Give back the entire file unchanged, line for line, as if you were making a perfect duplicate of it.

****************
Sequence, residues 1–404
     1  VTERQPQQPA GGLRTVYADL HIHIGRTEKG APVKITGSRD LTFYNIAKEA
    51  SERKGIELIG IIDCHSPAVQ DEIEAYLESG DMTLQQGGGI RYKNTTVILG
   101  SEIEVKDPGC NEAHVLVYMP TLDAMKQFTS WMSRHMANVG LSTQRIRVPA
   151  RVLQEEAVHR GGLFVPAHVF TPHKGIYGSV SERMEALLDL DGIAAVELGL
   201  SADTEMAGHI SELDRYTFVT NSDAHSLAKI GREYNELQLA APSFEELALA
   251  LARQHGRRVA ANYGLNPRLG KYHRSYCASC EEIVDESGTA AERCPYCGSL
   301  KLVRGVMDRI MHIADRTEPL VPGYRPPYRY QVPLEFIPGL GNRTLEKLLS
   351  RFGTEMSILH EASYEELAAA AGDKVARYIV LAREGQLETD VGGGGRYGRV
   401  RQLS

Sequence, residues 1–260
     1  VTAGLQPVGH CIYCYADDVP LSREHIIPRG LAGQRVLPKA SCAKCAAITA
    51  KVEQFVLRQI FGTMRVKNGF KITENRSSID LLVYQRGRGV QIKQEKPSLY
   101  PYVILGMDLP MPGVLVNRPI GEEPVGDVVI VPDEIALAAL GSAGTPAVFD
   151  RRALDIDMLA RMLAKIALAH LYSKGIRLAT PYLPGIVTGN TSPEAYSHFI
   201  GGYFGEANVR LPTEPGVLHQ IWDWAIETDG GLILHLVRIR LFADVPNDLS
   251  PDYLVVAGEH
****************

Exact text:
Sequence, residues 1–404
     1  VTERQPQQPA GGLRTVYADL HIHIGRTEKG APVKITGSRD LTFYNIAKEA
    51  SERKGIELIG IIDCHSPAVQ DEIEAYLESG DMTLQQGGGI RYKNTTVILG
   101  SEIEVKDPGC NEAHVLVYMP TLDAMKQFTS WMSRHMANVG LSTQRIRVPA
   151  RVLQEEAVHR GGLFVPAHVF TPHKGIYGSV SERMEALLDL DGIAAVELGL
   201  SADTEMAGHI SELDRYTFVT NSDAHSLAKI GREYNELQLA APSFEELALA
   251  LARQHGRRVA ANYGLNPRLG KYHRSYCASC EEIVDESGTA AERCPYCGSL
   301  KLVRGVMDRI MHIADRTEPL VPGYRPPYRY QVPLEFIPGL GNRTLEKLLS
   351  RFGTEMSILH EASYEELAAA AGDKVARYIV LAREGQLETD VGGGGRYGRV
   401  RQLS

Sequence, residues 1–260
     1  VTAGLQPVGH CIYCYADDVP LSREHIIPRG LAGQRVLPKA SCAKCAAITA
    51  KVEQFVLRQI FGTMRVKNGF KITENRSSID LLVYQRGRGV QIKQEKPSLY
   101  PYVILGMDLP MPGVLVNRPI GEEPVGDVVI VPDEIALAAL GSAGTPAVFD
   151  RRALDIDMLA RMLAKIALAH LYSKGIRLAT PYLPGIVTGN TSPEAYSHFI
   201  GGYFGEANVR LPTEPGVLHQ IWDWAIETDG GLILHLVRIR LFADVPNDLS
   251  PDYLVVAGEH